It’s no secret that most members of Congress are well-off financially before they ever come to Capitol Hill. Regardless of political party, many were businesspeople or lawyers first. More than half of Congress have a net worth that makes them millionaires.
While this may not shock you, it does raise concerns that the typical congressman does not experience the world in the same was their constituents do. In the latest edition of the Drill Down podcast, Peter Schweizer and Eric Eggers discuss what we can – and can’t – learn from congressional financial disclosure statements our lawmakers are required to fill out.
A few years ago Schweizer wrote a book called “Throw Them All Out” that revealed that several congressmen were making stock trades based on inside information they got from committee hearings. A law called the “STOCK Act” was passed to stop that sort of thing, requiring members to disclose their stock trades within 45 days. Insider trading allegations still come up, however.
Paul Pelosi is a big fan of Amazon stock. He has made millions by buying options on Amazon’s stock, often with uncanny timing related to Amazon’s bids for a government cloud hosting contract, known as the “Joint Enterprise Defense Infrastructure” program (JEDI). Breitbart News reviewed Pelosi’s financial disclosure reports dating back to 2009 and found that the speaker’s husband has a history of purchasing Amazon call options around JEDI program-related milestones in the past.” If his name sounds familiar, it’s because he is the husband of Rep. Nancy Pelosi, the Speaker of the House.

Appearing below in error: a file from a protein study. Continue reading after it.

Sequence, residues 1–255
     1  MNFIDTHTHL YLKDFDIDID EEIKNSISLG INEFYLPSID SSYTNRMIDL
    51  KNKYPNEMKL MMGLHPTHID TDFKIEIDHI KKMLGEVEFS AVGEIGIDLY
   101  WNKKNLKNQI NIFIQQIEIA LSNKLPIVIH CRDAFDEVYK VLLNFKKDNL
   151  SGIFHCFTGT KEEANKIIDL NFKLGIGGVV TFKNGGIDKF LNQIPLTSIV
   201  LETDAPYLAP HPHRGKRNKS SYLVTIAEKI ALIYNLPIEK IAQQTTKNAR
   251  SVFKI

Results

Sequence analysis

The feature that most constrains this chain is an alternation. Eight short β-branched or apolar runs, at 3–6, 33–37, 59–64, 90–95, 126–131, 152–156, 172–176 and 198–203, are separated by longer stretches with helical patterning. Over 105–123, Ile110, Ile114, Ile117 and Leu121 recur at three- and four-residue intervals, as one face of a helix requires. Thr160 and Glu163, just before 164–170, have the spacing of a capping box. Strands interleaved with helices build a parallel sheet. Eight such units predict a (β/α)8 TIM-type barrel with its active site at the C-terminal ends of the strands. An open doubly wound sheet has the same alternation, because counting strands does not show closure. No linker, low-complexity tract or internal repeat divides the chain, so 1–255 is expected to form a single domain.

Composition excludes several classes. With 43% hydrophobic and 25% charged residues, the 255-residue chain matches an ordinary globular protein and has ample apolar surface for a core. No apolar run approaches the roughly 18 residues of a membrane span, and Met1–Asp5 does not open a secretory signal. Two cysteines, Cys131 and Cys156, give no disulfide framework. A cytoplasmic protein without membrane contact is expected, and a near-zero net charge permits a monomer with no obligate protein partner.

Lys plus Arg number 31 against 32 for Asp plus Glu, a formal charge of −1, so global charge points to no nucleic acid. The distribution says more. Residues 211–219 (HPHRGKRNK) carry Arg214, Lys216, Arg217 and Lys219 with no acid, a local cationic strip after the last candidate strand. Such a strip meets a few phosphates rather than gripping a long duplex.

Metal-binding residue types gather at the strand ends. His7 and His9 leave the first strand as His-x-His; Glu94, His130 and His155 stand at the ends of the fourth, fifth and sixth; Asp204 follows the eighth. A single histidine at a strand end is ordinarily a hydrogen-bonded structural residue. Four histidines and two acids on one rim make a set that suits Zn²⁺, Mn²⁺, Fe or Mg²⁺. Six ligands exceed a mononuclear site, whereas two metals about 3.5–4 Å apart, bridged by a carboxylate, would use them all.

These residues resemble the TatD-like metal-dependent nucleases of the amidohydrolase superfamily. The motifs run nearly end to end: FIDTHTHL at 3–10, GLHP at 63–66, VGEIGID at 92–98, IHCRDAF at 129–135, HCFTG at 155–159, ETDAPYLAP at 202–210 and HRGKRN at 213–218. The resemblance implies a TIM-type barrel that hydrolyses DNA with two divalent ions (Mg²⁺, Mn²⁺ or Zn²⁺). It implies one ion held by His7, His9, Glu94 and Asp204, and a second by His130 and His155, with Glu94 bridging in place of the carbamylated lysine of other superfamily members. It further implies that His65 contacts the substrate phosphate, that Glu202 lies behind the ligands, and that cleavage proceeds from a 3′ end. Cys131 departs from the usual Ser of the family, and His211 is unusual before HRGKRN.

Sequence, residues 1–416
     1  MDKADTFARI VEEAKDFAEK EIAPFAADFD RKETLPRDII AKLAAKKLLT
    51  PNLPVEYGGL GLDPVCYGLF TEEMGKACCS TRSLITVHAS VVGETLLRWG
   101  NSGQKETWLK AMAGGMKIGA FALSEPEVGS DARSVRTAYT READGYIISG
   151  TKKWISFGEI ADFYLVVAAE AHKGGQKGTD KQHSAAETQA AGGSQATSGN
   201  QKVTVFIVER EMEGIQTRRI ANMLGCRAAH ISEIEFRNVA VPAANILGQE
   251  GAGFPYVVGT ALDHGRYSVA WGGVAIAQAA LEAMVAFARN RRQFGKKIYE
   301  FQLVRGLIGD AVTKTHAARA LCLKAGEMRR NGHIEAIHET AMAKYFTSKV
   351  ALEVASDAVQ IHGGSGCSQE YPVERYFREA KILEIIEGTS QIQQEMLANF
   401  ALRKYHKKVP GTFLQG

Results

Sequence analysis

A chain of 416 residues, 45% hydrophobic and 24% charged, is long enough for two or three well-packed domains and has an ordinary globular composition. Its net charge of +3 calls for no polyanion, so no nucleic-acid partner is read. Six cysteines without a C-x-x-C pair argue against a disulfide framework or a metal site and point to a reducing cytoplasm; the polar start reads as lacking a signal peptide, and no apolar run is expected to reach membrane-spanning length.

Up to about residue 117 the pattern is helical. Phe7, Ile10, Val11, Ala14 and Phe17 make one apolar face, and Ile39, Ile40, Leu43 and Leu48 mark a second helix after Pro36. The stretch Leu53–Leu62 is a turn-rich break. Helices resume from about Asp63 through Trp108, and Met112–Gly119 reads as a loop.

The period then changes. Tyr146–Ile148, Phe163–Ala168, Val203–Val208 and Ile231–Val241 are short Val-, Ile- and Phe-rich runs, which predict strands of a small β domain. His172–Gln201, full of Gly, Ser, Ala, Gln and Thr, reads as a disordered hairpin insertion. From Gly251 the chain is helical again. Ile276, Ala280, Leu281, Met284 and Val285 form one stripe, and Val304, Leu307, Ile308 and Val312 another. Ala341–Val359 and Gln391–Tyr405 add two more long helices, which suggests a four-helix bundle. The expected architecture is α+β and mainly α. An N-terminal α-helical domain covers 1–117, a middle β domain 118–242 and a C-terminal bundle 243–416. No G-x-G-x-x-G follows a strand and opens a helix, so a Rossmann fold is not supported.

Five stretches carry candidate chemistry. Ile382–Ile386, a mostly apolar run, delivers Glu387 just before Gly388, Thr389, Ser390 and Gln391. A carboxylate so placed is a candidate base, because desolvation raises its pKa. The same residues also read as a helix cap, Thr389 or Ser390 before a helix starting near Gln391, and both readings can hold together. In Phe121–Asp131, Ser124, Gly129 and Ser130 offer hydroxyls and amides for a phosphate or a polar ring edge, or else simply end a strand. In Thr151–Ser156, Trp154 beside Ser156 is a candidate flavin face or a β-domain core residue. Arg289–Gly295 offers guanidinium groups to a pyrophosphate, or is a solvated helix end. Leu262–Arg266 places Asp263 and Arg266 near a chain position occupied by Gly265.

Early last year, two Republican senators were brought before the Senate Ethics Committee over allegations they had used information they received during confidential briefings on the emerging COVID-19 virus to sell stocks in advance of a stock market downturn caused by the economic shutdowns the virus precipitated.
Then-Sen. Kelly Loeffler, who is married to the Chairman of the New York Stock Exchange, began selling stock shortly after the briefing. They eventually unloaded $3 million worth in 27 separate transactions. Two days after the Senate received a classified briefing on the coronavirus, Loeffler’s husband Jeffrey Sprecher sold $3.5 million dollars’ worth of his own company. The insider-trading investigation was dismissed.
Senator Richard Burr received a private briefing on how other countries were dealing with the effects of the global pandemic. Burr, who also sits on the Senate Health, Education, Labor and Pensions committee received another briefing on February 12th. The very next day, Senator Burr sold 33 stock holdings worth between $600,000 and $1.7 million dollars. Had he not made those trades, Burr’s portfolio would have been down by 30 percent within weeks. He later resigned as the Senate Intelligence Committee chair.
Nothing to see here, folks.
Peter and Eric also get into the congressmen who publish books. Sen. Bernie Sanders made $2 million between 2016 and 2017 from a book he wrote. But he doesn’t touch Sen. Elizabeth Warren, who made $3.4 million from her own book deals in recent years. She just signed a new book deal in May. Book deals are the one type of side-gig a sitting member of Congress can legally have. And, honestly, who doesn’t want to hear even more from Elizabeth Warren and Bernie Sanders?